With a strong dollar, even higher demand growth in emerging markets is unlikely to give US net trade much of a boost. The flexibility in the Chinese exchange rate announced in June was symbolically important. But the small rises allowed so far will not suck in many US exports.

Net trade boosted US gross domestic product by 1.2 percentage points in 2009 but largely because weak consumer spending caused a huge drop in imports. The Organisation for Economic Co-operation and Development, the Paris-based think tank, predicts that imports will grow faster than exports, subtracting from economic growth by 0.3 percentage points this year and 0.4 percentage points in 2011.

Worryingly, a combination of economic and political factors constrains US authorities. Thus any hit to confidence from events such as the Greek crisis are likely to be magnified.

On the monetary policy front, Federal Reserve officials are, as yet, not particularly concerned about the health of the recovery. They still think that the most likely outcome is steady growth over the next couple of years. But they do think the downside risks to growth and inflation have risen in recent months, and probably outweigh upside risks such as a surge in bottled-up consumer demand.

So one measure Fed officials will watch is inflation expectations, especially if inflation is very low later this year, which could be­come a self-fulfilling process. The risk of a slide into outright deflation could prompt easier monetary policy from the Fed.

The central bank thinks it has tools available for the unlikely eventuality that it is forced to act. One is buying more long-term assets such as Treasury bonds and mortgage-backed securities. Another is cutting the interest rate paid to banks that deposit money with it. That would increase their incentive to lend money out instead.

But no amount of monetary easing will help if banks do not extend credit because consumers do not want to spend nor companies to invest. And the weapons governments tend to use in such circumstances – spending rises and tax cuts – pose prob­lems more political than economic.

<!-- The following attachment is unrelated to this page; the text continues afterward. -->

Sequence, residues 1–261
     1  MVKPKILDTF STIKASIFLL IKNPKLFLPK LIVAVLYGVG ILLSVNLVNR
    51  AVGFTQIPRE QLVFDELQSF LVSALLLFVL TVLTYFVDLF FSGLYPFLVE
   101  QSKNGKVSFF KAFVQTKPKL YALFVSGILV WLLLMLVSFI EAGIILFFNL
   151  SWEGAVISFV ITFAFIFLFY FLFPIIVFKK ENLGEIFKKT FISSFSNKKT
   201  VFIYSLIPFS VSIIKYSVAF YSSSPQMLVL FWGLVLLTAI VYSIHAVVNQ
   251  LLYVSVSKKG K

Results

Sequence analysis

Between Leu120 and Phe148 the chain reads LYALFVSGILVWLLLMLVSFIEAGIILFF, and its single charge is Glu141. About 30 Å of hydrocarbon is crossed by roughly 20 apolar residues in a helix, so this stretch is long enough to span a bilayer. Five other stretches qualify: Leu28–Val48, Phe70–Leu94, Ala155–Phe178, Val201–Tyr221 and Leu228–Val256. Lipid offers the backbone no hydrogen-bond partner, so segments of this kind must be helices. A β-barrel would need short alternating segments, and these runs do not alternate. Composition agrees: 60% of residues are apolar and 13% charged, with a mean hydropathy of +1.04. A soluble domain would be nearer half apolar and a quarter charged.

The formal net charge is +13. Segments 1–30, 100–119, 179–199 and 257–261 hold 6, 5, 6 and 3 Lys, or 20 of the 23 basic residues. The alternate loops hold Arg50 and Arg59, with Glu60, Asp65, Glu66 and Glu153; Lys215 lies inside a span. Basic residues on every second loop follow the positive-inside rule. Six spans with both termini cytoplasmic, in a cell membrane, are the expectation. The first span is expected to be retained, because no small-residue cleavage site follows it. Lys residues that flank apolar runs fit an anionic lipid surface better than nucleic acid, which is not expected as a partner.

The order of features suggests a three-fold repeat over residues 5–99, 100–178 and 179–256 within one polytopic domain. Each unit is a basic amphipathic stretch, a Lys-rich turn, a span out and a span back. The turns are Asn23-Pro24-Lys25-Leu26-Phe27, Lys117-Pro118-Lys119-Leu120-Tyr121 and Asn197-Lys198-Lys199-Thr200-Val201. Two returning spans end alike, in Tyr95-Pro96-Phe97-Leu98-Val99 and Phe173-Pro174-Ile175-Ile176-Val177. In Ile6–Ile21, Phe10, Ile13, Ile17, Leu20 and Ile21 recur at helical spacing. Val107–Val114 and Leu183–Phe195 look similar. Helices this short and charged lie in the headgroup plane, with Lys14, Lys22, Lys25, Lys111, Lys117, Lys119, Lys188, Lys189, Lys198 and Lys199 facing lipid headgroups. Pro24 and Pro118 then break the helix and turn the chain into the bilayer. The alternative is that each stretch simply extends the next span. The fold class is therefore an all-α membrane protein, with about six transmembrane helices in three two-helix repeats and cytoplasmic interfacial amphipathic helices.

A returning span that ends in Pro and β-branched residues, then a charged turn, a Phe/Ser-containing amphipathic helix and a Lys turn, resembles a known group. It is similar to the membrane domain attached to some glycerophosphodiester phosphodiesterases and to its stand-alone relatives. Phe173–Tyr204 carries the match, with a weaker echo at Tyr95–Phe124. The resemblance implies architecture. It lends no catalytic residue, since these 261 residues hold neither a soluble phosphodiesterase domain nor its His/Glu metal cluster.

On the economic side, bond market investors do not seem worried about the effect of current deficits on US solvency or expecting Washington to inflate its way out of debt. Yields on 10-year Treasury bonds have sunk to very low levels, about 3 per cent, and expected inflation derived from the prices of index-linked bonds remains about 2 per cent.

Less happily for those in the administration who believe in continued stimulus, political support for public spending is eroding. Al­though recent primary elections ahead of November’s midterms have produced mixed results, some seemed to punish candidates for favouring Big Government.

Administration officials insist that the damage is mainly to candidates who supported the troubled asset relief programme, the federal financial bail-out, rather than government spending in general. But even continuing current stimulus is a struggle. Proposals to extend unemployment benefits and prolong aid to states are snarled in Congress. One senior administration official reports an interlocutor saying: “There are only three Keynesians left in America, and they all work in the administration.”

Alec Phillips of Goldman Sachs says: “The potential expiration of stimulus measures appears to be an increasingly important risk to growth.” As Treasury secretary Tim Geithner is fond of pointing out, for all the accusations that the US is a fiscal profligate, its deficit is due to fall more sharply in the near future than that of almost any other leading economy, from 10.6 per cent of GDP in 2010 to 5.1 per cent in 2013, compared with a fall from 5.5 per cent to just under 3 per cent in supposedly self-flagellating Germany.

Mr Phillips calculates that if the stimulus bill enacted last year is allowed to expire, including unemployment benefits, aid to states and a special personal tax credit, the effect could be to subtract 2 percentage points of GDP growth – more than half the US trend growth rate – at about the middle of next year. Even a more plausible scenario, in which the unemployment payments and tax credits are extended, would take at least a percentage point off growth throughout next year.

The US economy is not yet in severe trouble. Rises in equity prices over the past few days have comforted optimists that confidence is returning. But the economy’s sputter over the past month indicates just how fragile the recovery is and how dependent America is on generating its own demand. And if it starts to turn down rather than simply to decelerate, policymakers turning to their arsenal will find it dangerously depleted.